Jessica Lilly Published

Water Outages and Advisories Continue in W.Va. Coalfields


While the chemical spill in Charleston left more than 300,000 without usable water, it’s a problem that folks in the coalfields deal with on a regular basis.

Mountainous regions like southern West Virginia have an abundance of water, but the terrain along with aging infrastructure create challenges, just as it has for decades.

Many of the current water systems in place today in the coalfields were installed in the early 1900’s by coal companies. The coal operators, jobs, and most people left the area, leaving remnants behind of a once bustling economy. Remnants like some beautiful buildings, coal tipples …and water systems. 

For some communities a boil water advisory is a way of life … like in Keystone in McDowell County where residents have been on advisory since 2010. Neighboring sister city of Northfork has been on a boil water advisory since 2013. The water systems are currently maintained and operated by individual towns, but the McDowell County Public Service District is planning projects to take on those responsibilities.

Elkhorn Water Project

Just this past year, a project with several phases started that is expected to bring relief to the region.  

Phase I of the “Elkhorn Water Project” will bring a new water system to Elkhorn, Maybeurry and Switchback. Phase II will replace systems in Elkhorn, Keystone and Northfork and Phase III will upgrade systems in Landgraff, Tidewater, Divian, Kimball.


Credit Daniel Walker
Elkhorn Water Project broke ground summer 2014.

Phase I broke ground this year and is expected to be complete in June. Executive Director of the McDowell County PSD Mavis Brewster says she’s happy with the progress. She says the second phase has not yet been funded. That’s where Betty Younger lives.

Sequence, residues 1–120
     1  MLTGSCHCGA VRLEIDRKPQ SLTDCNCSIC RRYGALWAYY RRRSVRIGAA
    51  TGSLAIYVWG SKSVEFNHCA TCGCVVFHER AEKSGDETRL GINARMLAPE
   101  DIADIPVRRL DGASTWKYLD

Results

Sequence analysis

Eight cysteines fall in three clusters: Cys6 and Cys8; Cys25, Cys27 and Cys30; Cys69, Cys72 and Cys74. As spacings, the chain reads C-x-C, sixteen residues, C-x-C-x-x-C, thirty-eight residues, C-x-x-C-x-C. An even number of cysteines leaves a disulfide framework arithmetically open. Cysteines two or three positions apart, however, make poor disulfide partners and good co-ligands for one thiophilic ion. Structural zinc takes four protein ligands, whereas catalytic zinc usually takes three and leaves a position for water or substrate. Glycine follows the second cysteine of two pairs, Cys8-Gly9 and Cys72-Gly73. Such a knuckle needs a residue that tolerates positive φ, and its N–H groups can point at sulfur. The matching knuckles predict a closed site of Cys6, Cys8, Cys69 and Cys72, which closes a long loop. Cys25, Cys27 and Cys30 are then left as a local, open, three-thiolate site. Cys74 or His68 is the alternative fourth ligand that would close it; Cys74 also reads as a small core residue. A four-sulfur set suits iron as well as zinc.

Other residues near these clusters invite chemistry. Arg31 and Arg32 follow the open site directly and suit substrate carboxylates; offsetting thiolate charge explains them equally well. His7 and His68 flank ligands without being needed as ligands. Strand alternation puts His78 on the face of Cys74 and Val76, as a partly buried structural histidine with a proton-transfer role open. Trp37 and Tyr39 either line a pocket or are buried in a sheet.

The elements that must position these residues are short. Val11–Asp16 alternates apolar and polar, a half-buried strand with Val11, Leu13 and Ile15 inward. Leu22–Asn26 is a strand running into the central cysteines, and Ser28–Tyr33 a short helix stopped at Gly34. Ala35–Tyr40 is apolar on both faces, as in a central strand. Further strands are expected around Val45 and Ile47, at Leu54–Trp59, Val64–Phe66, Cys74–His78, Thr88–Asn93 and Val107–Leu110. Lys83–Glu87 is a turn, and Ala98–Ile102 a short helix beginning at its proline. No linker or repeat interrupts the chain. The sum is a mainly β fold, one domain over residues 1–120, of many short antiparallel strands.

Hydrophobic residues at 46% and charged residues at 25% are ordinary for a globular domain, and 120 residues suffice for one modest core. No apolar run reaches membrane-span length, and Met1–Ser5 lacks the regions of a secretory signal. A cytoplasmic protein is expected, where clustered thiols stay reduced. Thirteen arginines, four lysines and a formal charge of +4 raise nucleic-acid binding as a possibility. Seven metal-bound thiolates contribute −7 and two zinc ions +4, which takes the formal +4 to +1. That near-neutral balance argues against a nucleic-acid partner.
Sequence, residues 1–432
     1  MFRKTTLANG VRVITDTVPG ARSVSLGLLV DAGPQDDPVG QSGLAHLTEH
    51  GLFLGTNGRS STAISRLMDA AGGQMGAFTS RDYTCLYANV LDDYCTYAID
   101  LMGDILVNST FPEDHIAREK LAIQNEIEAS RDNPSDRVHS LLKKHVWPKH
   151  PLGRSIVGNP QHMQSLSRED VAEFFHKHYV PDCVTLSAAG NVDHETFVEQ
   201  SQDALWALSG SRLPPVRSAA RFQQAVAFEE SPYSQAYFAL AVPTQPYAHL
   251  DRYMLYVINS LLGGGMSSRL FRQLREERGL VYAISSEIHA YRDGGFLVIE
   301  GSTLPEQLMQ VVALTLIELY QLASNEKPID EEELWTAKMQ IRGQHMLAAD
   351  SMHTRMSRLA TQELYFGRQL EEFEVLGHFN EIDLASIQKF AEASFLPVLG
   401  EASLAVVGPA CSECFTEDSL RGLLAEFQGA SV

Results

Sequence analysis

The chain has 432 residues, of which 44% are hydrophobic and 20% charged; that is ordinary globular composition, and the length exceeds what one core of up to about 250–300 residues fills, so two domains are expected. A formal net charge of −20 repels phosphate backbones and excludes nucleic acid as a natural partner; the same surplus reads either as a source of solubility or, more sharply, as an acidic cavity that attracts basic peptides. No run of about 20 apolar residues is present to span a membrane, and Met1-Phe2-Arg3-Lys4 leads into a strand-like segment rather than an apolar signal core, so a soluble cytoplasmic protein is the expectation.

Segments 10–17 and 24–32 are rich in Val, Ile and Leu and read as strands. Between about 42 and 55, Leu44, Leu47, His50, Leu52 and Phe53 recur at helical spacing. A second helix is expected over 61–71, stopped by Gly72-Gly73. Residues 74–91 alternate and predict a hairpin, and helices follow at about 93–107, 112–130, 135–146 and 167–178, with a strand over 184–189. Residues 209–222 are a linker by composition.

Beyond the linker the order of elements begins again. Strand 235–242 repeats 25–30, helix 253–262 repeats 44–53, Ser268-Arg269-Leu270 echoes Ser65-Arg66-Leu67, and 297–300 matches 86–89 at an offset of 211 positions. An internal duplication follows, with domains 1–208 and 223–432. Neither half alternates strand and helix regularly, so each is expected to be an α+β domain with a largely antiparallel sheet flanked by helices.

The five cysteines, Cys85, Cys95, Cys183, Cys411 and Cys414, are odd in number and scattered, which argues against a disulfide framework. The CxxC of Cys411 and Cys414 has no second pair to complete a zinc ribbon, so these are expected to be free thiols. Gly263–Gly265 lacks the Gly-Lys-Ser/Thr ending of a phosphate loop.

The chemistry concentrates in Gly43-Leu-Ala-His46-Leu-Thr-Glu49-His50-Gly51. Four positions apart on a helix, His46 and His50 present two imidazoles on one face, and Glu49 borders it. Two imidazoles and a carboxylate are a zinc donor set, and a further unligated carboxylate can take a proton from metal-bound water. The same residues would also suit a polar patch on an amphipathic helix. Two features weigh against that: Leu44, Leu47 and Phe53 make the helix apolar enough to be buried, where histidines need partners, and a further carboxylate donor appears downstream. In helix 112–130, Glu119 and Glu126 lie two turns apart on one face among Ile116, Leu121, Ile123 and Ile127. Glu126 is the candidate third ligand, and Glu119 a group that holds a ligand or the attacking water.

Betty Younger: Times have Changed

A coal miner’s daughter, Betty Younger grew up in McDowell County and remembers a very different community during the 1950’s. Younger sits on her front porch which sits close to route 5–a road busy with coal trucks. She reminisces about her days in the Kyle coal camp.

Like so many coal-dependent communities, McDowell has suffered the boom and bust of the industry, and the sharp population decline that comes with it. In the 1950’s there were more than 100-thousand people. Today less 20-thousand remain in the county.

“This part of McDowell County is… I mean there’s nothing here,” Younger said.

Younger has lived in her Elkhorn homes for about six years. There have been so many water issues…  she just assumes not to drink it, rarely uses it for cooking, and doesn’t even count on regular access. 

“You never know when you’re going to have water,” Younger said.

Phase II will also replace systems in Northfork and Keystone. Folks in Keystone have been on a boil water advisory since 2010, while Northfork has been under an advisory since 2013. 


Credit Daniel Walker
Elkhorn water tower believed to be at least 60 years old.

When all three phases are complete, the project will replace the system that Younger and other residents currently rely on. Phase I will replace a leaky, rusty, tank that is believed to date back to the 1940’s when it was set up by coal companies.


Credit Jessica Lilly
A water project in Wyoming County began last year when residents in Bud and Alpoca (including an elementary school) were caught in the middle of a tangled and complicated water system deal. After months under a boil water advisory, a project to bring residents dependable, clean water is now underway.